*Structural, Functional, and Regulatory Diversity in the MscS Family

MscS homologs are widely dispersed among bacterial and plant lineages, are found in some fungi, but have not been identified in plants. Our investigations are beginning to reveal much how MscS-Like proteins from Arabidopsis have diverged from E. coli MscS with respect to structure, function and mechanisms of regulation. We have recently discovered that plant-specific domains confer plant-specific functions and modes of regulation to MscS-Like proteins in Arabidopsis thaliana.

Diversity of Structure is Associated with Diversity of Function.

The mechanosensitive ion channels of the MscS superfamily provide a model system for understanding the process and the physiological function of membrane-based mechanosensation. MscS family members so far characterized are thought to function as simple osmotic safety valves, opening in response to increased membrane tension and preventing cellular rupture under environmental hypoosmotic shock. However, this family of proteins exhibits an amazing diversity of size, topology, and domain organization, raising the possibility that they have evolved unique functions and regulatory mechanisms. We recently discovered that characterizing this family as just osmotic safety valves is a significant oversimplification. We employed MscS-Like10 (MSL10) from Arabidopsis thaliana in our study, as it is the only plant MSL to have its stretch-activation characterized in detail, and has a soluble N-terminal domain that is unique to land plants. We discovered that MscS-Like 10 has two functions, each attributable to a different domain of the protein.The C-terminal domain, which is conserved among all MscS-Like ion channels, mediates tension-regulated ion flux. The plant-specific N-terminal domain is capable of inducing cell death, and its activity is negatively regulated by its phosphorylation. These results support a model wherein MSL10 is a membrane tension sensor capable of at least two outputs—the release of osmolytes from the cell, and the triggering of cell death and other stress responses, as shown in the model above.

  • K. M. Veley, G. Maksaev, S. M. Kloepper, E. M. Frick, E. January and E. S. Haswell. (2014). MSL10 has a Regulated Cell Death Signaling Activity that is Separable from its Mechanosensitive Ion Channel Activity. Plant Cell 26:3115-31.

  • E. S. Hamilton, A. Schlegel, and E. S. Haswell. (2015). United in Diversity: Plant Mechanosensitive Channels. Annual Review of Plant Biology 66:113-137.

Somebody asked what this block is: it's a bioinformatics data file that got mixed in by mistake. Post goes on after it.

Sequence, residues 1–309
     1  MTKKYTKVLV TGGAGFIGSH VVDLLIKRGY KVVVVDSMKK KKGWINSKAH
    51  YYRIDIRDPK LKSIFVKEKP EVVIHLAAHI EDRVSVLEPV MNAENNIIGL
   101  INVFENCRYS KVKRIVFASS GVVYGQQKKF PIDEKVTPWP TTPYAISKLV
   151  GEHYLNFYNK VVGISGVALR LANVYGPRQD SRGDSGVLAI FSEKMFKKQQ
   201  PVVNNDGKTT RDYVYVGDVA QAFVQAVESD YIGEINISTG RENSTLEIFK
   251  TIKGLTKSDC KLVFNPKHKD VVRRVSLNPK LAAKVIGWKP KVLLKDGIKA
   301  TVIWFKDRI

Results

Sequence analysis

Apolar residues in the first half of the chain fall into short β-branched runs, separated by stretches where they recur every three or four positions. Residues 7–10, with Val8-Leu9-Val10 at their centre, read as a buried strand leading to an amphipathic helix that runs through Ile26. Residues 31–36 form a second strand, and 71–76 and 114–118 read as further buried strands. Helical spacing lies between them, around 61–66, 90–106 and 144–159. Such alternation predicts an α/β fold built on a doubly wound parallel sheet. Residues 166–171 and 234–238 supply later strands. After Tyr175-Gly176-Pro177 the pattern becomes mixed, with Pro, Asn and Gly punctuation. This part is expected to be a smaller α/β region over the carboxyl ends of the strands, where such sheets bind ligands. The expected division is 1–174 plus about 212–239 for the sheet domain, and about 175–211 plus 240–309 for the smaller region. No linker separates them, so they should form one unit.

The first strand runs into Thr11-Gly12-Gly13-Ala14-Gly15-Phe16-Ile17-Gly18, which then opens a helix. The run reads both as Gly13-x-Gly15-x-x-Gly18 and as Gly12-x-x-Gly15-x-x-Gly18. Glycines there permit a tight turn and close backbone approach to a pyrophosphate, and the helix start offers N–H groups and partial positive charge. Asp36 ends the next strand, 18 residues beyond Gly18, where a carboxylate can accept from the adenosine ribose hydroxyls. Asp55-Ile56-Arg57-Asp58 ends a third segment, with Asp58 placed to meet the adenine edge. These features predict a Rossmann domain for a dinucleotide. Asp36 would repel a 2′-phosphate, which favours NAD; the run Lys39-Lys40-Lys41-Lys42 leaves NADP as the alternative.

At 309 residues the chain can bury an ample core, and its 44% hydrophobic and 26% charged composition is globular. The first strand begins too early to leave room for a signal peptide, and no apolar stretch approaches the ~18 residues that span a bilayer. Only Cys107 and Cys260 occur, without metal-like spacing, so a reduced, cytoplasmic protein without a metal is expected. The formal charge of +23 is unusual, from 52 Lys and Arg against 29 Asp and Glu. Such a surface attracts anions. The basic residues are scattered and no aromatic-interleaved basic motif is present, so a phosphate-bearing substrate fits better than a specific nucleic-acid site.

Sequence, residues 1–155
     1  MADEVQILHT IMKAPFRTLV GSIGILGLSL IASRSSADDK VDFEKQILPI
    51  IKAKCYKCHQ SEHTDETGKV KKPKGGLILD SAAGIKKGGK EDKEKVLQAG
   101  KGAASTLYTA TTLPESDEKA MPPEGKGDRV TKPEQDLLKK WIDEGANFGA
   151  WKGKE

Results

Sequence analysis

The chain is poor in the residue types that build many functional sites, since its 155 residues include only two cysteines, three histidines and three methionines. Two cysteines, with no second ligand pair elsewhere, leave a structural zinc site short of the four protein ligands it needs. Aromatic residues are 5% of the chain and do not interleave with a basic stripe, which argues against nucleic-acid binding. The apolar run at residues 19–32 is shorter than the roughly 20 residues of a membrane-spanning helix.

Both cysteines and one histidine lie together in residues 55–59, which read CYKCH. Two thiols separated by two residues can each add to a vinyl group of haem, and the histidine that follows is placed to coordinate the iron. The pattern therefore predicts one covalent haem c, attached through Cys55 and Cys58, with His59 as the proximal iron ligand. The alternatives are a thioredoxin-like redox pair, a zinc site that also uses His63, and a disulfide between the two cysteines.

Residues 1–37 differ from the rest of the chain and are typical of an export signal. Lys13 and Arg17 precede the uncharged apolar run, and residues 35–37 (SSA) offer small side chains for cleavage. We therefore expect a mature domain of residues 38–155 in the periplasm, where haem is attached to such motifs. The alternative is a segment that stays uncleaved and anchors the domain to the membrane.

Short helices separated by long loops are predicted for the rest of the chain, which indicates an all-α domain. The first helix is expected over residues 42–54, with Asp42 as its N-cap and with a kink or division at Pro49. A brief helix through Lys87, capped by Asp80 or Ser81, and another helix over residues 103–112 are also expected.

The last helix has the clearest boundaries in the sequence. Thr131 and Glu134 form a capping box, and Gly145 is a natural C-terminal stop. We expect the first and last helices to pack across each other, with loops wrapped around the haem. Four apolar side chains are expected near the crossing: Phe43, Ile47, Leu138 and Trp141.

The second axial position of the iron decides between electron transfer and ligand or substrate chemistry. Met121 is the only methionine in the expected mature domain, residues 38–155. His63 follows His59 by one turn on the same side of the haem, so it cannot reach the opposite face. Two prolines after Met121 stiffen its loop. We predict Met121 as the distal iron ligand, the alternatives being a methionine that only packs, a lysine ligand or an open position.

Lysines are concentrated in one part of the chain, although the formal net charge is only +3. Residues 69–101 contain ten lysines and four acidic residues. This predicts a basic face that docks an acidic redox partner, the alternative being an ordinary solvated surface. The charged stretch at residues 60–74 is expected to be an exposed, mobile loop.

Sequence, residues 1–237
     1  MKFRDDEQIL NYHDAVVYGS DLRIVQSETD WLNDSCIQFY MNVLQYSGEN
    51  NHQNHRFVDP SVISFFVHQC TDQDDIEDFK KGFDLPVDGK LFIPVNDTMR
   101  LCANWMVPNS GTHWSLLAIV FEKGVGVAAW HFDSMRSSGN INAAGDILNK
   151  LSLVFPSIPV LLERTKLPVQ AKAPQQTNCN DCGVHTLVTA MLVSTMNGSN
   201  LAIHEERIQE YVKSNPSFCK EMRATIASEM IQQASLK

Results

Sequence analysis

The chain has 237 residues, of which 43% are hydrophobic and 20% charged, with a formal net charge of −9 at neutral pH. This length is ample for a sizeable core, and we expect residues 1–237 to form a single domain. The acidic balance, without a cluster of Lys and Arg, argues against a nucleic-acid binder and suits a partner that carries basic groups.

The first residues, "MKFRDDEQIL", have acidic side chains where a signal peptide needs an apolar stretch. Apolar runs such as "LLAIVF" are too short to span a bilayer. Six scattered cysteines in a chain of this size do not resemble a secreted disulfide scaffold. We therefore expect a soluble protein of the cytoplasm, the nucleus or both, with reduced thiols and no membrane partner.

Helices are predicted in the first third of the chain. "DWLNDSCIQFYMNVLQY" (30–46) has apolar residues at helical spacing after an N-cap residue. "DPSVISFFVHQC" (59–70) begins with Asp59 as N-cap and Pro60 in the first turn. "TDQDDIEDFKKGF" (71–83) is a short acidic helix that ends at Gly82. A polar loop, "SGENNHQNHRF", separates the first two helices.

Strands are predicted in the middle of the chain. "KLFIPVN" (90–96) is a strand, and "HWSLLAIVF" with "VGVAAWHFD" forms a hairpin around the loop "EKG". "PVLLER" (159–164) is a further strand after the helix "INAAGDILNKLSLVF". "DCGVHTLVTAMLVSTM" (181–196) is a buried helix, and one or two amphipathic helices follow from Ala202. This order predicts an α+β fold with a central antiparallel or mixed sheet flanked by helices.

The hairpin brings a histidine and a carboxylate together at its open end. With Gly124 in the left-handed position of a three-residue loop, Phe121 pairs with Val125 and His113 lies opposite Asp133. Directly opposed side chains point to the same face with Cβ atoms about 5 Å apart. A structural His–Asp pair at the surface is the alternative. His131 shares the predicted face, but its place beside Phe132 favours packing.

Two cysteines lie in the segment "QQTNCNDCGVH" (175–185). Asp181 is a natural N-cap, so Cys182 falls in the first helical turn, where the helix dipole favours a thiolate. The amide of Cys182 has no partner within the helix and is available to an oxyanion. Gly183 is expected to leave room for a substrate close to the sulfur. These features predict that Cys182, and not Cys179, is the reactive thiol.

MscS family structure-function.

Homologs of MscS are found consistently in bacterial and archaeal species, occasionally in the genomes of fungal species, and in all available genomes of land plants. So far, they have not been identified in animals. The conserved ~90 amino acid MscS domain contains the channel-forming transmembrane helix and the upper portion of the soluble C-terminus. The N- and C-terminal domains of MscS family members are highly variable in size and sequence and may in some cases confer regulatory aspects to channel function. MscS itself appears to be the minimal size for this type of protein, and thus represents a simple, unregulated prototype while other family members exhibit more complex, possibly regulated functions. In certain MscS family members, N- and C-terminal domains are capable of interaction with other proteins, small molecules, and ions that may influence channel gating. For example, MscK, a MscS homolog from E. coli, does not significantly contribute to osmotic shock resistance. However, removal of the large N-terminal periplasmic domain produces a MscK derivative capable of partially rescuing a mscS- mscL- mutant from osmotic shock. Similarly, several members of the bacterial cyclic nucleotide-gated (bCNG) channel subfamily of MscS homologs do not protect E. coli from osmotic shock and do not show tension-sensitivity in electrophysiological experiments, though they are activated by cAMP. Removal of the cyclic nucleotide monophosphate-binding domain at the extreme C-terminus of bCNGs produces channels that are partially protective in the osmotic shock assay. These two examples suggest that additional protein domains found in homologs of MscS may impose regulatory control on a conserved channel pore that otherwise retains its MS character. A similar function has been ascribed to the “gatekeeper” domains that regulate a subset of voltage-activated potassium channels.

  • E. S. Haswell, R. Phillips, & D. C. Rees. (2011). Mechanosensitive Channels: What Can They Do and How Do They Do It? Structure 19: 1356-1369.
  • G. Maksaev & E. S. Haswell. (2013). Recent Characterizations of MscS and its Homologs Provide Insights into the Basis of Ion Selectivity.  Channels 7(3): 215-220.
  • M.E. Wilson, Grigory Maksaev, and E. S. Haswell. (2013). MscS-like Mechanosensitive Channels in Plants and Microbes. Biochemistry 52 (34): 5708–5722.

Two conserved motifs are critical for the function of organelle-localized MscS homologs.

Sequences conserved between MscS family members have been identified, but the functional relevance of these sequences had not been established. Our results indicate that two of the three tested motifs are essential for MSL2 function, consistent with conservation of structure and function between bacterial and plant MscS homologs.

  • G. S. Jensen and E. S. Haswell. (2012). Functional Analysis of Conserved Motifs in the Mechanosensitive Channel Homolog MscS-Like2 from Arabidopsis thalianaPLoS ONE 7(6): e40336.